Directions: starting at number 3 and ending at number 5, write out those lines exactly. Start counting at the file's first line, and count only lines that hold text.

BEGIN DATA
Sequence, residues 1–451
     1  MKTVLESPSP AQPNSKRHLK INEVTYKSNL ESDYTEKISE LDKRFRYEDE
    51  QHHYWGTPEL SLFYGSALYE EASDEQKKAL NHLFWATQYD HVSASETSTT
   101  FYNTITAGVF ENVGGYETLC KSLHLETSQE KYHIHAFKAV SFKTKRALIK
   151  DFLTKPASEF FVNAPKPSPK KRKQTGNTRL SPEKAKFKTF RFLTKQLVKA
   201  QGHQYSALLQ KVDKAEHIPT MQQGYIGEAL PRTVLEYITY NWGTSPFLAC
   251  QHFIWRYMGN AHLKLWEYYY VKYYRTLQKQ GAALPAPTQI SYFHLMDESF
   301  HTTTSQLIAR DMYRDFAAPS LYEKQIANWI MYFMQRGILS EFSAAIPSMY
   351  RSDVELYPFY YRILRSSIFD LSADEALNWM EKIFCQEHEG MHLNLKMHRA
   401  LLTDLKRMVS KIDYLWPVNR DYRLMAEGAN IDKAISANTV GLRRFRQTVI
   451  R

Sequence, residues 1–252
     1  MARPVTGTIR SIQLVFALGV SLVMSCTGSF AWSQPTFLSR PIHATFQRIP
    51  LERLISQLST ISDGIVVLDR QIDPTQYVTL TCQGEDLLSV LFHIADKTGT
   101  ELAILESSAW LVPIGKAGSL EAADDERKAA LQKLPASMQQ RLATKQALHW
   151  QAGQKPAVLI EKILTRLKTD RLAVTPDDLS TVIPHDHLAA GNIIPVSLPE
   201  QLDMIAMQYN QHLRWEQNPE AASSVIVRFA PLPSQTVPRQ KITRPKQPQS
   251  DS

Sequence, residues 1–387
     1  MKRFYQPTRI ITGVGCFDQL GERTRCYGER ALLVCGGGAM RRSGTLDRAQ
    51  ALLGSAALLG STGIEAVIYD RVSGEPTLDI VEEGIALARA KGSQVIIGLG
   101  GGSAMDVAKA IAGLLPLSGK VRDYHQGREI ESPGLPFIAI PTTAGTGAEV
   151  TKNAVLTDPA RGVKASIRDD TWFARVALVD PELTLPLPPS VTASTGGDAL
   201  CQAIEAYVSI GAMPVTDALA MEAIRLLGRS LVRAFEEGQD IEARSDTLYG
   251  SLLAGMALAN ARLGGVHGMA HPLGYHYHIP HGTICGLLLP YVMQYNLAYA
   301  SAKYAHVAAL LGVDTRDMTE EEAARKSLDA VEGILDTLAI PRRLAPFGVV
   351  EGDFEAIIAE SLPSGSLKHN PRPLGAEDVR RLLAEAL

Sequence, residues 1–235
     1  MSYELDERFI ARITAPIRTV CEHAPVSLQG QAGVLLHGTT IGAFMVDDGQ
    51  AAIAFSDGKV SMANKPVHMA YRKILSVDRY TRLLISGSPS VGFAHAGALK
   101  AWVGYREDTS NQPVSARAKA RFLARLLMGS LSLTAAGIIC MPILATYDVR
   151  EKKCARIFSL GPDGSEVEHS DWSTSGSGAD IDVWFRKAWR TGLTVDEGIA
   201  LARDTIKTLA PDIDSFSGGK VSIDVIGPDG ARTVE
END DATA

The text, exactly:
    51  QHHYWGTPEL SLFYGSALYE EASDEQKKAL NHLFWATQYD HVSASETSTT
   101  FYNTITAGVF ENVGGYETLC KSLHLETSQE KYHIHAFKAV SFKTKRALIK
   151  DFLTKPASEF FVNAPKPSPK KRKQTGNTRL SPEKAKFKTF RFLTKQLVKA